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Joseph Dear

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BUSINESS
July 2, 1993 | From Times Staff and Wire Reports
Clinton Names Choices for OSHA, AID: President Clinton said he will nominate Joseph Dear, former director of Washington state's Department of Labor and Industries, to be administrator of the Occupational Safety and Health Administration. If confirmed by the Senate, Dear will become assistant secretary of labor for occupational safety and health. Clinton also named Carol Lancaster as his choice for deputy administrator of the Agency for International Development.
ARTICLES BY DATE
BUSINESS
February 2, 2009 | Marc Lifsher
There doesn't appear to be a lot of philosophical or practical daylight between Joseph A. Dear, the new chief investment officer of the country's largest public pension fund, and the labor-oriented board that hired him. And he doesn't see much daylight in gloomy financial markets, either. Dear, 57, is leaving a similar post at the Washington State Investment Board to run the $177-billion portfolio at the much larger, 1.6-million-member California Public Employees' Retirement System, or CalPERS.
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BUSINESS
January 22, 2009 | Marc Lifsher
The head of the Washington State Investment Board is heading south to Sacramento to oversee investments at the nation's largest public pension fund, the California Public Employees' Retirement System. As chief investment officer, Joseph A. Dear, 57, faces the challenge of reversing steep losses inflicted by the financial downturn on the $178-billion fund, known as CalPERS.
BUSINESS
January 22, 2009 | Marc Lifsher
The head of the Washington State Investment Board is heading south to Sacramento to oversee investments at the nation's largest public pension fund, the California Public Employees' Retirement System. As chief investment officer, Joseph A. Dear, 57, faces the challenge of reversing steep losses inflicted by the financial downturn on the $178-billion fund, known as CalPERS.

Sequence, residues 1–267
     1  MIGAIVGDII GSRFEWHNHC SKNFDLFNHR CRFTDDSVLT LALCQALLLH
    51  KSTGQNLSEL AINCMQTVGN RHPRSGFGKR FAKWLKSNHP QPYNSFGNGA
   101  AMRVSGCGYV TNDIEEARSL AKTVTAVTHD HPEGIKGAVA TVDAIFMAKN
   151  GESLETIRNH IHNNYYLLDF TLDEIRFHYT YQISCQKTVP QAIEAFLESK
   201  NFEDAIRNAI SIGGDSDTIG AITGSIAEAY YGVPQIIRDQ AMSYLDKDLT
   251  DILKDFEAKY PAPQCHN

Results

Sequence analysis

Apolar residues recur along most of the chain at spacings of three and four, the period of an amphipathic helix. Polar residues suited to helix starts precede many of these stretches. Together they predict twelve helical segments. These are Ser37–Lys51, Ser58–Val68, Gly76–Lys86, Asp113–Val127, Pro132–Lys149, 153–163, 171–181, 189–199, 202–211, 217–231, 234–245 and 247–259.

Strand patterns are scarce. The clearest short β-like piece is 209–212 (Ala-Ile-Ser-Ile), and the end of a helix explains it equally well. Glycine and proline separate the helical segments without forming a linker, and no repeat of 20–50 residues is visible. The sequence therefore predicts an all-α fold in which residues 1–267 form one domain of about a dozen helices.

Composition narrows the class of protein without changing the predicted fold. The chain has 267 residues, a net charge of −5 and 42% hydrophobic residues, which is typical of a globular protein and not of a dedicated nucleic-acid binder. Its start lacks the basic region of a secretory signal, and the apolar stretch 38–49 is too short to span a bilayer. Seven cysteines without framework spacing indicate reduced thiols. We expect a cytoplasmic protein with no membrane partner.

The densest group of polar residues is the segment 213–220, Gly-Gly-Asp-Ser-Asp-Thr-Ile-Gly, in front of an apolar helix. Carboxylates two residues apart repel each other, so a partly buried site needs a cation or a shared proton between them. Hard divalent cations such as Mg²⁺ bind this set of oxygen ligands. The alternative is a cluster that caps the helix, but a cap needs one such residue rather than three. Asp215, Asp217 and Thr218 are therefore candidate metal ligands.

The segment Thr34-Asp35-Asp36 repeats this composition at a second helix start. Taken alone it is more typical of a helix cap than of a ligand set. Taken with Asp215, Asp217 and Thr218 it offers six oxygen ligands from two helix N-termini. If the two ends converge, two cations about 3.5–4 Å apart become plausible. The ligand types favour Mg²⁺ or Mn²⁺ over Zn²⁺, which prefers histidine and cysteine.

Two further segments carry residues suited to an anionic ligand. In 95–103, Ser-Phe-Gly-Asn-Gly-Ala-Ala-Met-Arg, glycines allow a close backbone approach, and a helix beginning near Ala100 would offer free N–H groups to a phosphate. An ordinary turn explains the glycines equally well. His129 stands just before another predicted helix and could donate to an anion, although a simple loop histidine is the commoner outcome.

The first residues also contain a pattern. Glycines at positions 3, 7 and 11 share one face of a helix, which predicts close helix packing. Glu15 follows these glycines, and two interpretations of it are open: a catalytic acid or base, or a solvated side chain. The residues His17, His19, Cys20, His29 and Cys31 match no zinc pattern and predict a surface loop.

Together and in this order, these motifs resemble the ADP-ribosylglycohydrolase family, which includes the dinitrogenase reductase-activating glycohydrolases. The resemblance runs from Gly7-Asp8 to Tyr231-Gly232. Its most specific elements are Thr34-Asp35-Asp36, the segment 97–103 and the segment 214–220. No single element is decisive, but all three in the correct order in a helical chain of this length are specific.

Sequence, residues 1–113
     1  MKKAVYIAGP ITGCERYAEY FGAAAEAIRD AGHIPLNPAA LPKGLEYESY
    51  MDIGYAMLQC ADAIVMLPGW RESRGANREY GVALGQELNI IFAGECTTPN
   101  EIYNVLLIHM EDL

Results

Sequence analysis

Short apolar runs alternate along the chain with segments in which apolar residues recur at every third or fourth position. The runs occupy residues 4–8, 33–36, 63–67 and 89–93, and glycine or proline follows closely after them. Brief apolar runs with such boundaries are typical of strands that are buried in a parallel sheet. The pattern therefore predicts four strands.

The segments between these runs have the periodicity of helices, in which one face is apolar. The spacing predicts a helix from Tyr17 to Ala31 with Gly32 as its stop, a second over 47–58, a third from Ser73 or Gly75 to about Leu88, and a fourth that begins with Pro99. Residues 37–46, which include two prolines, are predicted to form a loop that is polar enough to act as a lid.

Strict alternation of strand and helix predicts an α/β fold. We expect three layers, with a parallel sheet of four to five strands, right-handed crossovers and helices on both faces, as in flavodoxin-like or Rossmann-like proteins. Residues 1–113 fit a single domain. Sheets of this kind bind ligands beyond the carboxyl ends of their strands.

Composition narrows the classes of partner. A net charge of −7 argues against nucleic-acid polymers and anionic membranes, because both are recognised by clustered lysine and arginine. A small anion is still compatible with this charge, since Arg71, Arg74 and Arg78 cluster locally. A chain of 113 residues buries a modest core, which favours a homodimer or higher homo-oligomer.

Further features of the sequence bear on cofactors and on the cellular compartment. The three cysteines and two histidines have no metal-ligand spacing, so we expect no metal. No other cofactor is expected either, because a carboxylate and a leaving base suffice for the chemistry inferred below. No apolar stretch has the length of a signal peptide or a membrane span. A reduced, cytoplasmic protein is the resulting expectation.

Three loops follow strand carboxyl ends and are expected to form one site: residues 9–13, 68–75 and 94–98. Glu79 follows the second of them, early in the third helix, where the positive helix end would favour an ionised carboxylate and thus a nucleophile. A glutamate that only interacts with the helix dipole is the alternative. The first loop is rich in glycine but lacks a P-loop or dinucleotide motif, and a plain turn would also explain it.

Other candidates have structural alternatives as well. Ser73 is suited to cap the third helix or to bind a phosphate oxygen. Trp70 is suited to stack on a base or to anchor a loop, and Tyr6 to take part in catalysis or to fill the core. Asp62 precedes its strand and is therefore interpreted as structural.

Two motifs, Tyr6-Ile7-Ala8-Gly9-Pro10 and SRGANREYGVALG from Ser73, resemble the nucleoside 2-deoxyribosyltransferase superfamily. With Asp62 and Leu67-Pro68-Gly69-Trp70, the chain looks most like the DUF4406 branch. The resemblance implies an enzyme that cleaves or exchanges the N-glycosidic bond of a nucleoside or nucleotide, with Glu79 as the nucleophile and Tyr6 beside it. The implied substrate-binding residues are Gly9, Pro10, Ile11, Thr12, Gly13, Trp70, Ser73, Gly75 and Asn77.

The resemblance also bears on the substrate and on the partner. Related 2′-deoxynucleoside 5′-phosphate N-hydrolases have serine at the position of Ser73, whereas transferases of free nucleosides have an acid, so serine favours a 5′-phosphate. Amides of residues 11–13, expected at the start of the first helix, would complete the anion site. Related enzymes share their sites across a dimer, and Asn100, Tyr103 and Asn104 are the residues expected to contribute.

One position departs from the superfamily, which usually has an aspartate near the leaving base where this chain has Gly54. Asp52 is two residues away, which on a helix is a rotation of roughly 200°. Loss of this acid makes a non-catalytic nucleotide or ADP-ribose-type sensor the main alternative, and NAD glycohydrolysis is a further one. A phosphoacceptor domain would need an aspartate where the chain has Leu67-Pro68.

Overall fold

BUSINESS
February 2, 2009 | Marc Lifsher
There doesn't appear to be a lot of philosophical or practical daylight between Joseph A. Dear, the new chief investment officer of the country's largest public pension fund, and the labor-oriented board that hired him. And he doesn't see much daylight in gloomy financial markets, either. Dear, 57, is leaving a similar post at the Washington State Investment Board to run the $177-billion portfolio at the much larger, 1.6-million-member California Public Employees' Retirement System, or CalPERS.
ENTERTAINMENT
February 14, 2010
Dear Amy: Our grandson recently got married. One Sunday afternoon, the newlyweds paid us an unexpected visit. After visiting for a short while, I thought my wife should have offered them coffee or tea. I would like to know who should take the initiative to make an offering. I feel that the wife (who is the homemaker) should have taken it upon herself (or should have asked me) to make a lunch or something to offer to our guests. I know we made a bad impression on them.
BUSINESS
December 22, 1994 | FRANK SWOBODA, WASHINGTON POST
Reports of repetitive motion injuries in the workplace continue to rise at epidemic rates while the overall number of other nonfatal injuries and illnesses declines, the Labor Department reported Wednesday. The Bureau of Labor Statistics' survey of workplace injuries and illnesses for 1993 showed a significant drop in overall reports of injuries.